Remains of a 3,700-year-old domed oven were found in the ancient city of Troy, located in the Tevfikiye district of Çanakkale province, located in the northwestern part of Turkey.
Professor Rüstem Aslan, the head of the excavation, who unearthed the 5,500-year-old remains of the city, said it was the first time they had come across the remains of such a large domed oven during excavations this year.
The discovered domed oven bears traces of Anatolian culture. Troy’s connection with Anatolia was partly established by the findings of the German archaeologist Manfred Osman Korfmann, who led the excavations from 1988 to the early 2000s.
“The description that Korfmann made during his excavations that ‘Troy is Anatolia,’ was a major focus of the next 20 years of digging. Troy is an Anatolian culture,” said Professor Rüstem Aslan.
Aslan told Anadolu Agency (AA) that further excavations would be conducted to uncover the architectural dimensions of Troy, emphasizing that it was “shaped by the Anatolian culture in and after the Bronze Age.”
The oldest domed ovens so far found in Troy date back to 2000 B.C., about 300 years earlier than Aslan and his team’s latest discovery.
Aslan said architectural developments in Troy, where archeological excavations have been going on for 150 years, pointed to changes in the city’s culinary tradition during the period identified with Anatolian culture.
Troy was the first site where prehistoric period excavations were conducted and turned into a science. Troia and its environs were designated a National Historical Park by the Turkish government on September 30, 1996, and were added to the UNESCO World Heritage list in 1998. Between the years 3.000 BC and 500 AD, the ancient city of Troy was continuously inhabited due to its strategic geographic location.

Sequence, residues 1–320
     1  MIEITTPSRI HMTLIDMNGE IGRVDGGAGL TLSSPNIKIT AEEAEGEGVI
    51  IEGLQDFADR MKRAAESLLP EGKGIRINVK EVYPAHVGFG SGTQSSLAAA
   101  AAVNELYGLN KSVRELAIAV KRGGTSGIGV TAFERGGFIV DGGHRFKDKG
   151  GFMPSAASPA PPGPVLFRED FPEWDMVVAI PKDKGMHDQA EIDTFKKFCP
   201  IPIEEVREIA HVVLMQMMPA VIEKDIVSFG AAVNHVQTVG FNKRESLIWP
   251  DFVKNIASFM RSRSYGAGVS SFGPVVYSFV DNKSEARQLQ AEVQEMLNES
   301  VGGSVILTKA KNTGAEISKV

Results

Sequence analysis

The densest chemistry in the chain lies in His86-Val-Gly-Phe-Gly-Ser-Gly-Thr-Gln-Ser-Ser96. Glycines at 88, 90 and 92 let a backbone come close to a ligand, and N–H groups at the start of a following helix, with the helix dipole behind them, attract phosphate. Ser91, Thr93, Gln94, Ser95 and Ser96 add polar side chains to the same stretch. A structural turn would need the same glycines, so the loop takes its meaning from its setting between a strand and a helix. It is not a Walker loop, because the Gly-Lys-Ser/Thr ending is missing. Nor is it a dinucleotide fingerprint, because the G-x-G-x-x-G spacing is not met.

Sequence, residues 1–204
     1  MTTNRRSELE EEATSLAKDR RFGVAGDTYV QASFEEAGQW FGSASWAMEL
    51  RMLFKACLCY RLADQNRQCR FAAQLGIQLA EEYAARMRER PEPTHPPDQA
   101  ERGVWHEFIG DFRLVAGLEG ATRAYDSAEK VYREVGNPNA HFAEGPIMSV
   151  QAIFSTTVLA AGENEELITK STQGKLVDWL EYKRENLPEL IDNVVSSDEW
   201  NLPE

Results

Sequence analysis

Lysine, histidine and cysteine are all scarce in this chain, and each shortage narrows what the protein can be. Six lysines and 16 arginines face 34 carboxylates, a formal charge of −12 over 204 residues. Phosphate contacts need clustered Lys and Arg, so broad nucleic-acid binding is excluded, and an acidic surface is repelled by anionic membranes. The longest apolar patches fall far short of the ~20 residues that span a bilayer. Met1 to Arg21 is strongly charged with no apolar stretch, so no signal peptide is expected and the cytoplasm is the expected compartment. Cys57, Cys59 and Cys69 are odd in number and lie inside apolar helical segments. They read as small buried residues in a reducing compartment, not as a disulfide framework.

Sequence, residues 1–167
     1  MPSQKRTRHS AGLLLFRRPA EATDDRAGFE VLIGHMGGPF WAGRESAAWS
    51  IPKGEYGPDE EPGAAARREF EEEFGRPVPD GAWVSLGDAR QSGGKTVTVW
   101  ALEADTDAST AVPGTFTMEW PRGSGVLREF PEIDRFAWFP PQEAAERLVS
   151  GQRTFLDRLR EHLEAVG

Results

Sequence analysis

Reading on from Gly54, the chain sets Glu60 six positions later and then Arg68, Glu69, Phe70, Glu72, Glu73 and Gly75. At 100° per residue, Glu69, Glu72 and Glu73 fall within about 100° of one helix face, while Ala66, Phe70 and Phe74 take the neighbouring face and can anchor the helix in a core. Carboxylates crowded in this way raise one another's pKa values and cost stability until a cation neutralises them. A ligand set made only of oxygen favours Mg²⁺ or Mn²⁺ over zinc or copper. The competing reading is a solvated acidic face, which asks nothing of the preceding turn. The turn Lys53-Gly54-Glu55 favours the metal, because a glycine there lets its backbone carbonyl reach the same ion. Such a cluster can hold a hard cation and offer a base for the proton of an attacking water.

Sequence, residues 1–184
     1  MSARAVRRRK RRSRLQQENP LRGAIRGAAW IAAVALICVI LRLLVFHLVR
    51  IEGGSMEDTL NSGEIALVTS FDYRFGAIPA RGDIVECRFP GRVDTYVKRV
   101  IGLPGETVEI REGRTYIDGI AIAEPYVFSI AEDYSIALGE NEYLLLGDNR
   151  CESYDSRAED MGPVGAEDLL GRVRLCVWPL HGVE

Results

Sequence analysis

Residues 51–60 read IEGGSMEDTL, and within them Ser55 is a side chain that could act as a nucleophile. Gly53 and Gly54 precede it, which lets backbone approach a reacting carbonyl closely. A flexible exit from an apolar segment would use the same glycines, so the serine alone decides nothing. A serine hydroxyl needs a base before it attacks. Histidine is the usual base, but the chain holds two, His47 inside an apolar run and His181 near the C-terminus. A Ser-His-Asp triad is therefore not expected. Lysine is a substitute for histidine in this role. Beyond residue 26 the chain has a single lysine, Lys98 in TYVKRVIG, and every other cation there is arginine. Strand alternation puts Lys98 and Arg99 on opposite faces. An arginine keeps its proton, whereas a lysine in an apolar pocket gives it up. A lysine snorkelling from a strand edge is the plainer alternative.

Kerpiç (sun-dried bricks) was used during the construction of the walls of houses in the settlements. Therefore after a long chain of settlements, an artificial hill was composed containing the different layers of the city. After the excavations were carried out 10 different city layers and more than 50 building phases were identified.
These cities in short: Troia I – III (Littoral Troia Culture): This name was especially given due to the distribution of settlements in the Mediterranean region. This period starts nearly 3000 BC and ends in 2500 BC. Troia IV – V: Anatolian Characterized Troia Culture: It begins in 2100 BC and continues until the 1700’s BC. Troia VI-VII (From 1700 BC to 1100 BC) was defined as High Troia Troia Culture by archaeologists. After a gap of several centuries, the settlement of Greeks in Troy VIII continued from 700’s BC to approximately 85 BC. In Troia IX, there was a Roman settlement from 85 BC to 500’s AC.
In Troy X the Byzantine settlement which started in the 12th century continued to the 13th century. After this time, due to great political changes in that period, Troia lost its importance in cultural life. Especially European intellectuals’ growing interest in Troia after the 17th century, culminated with Heinrich Schliemann and this importance has continued to the present day.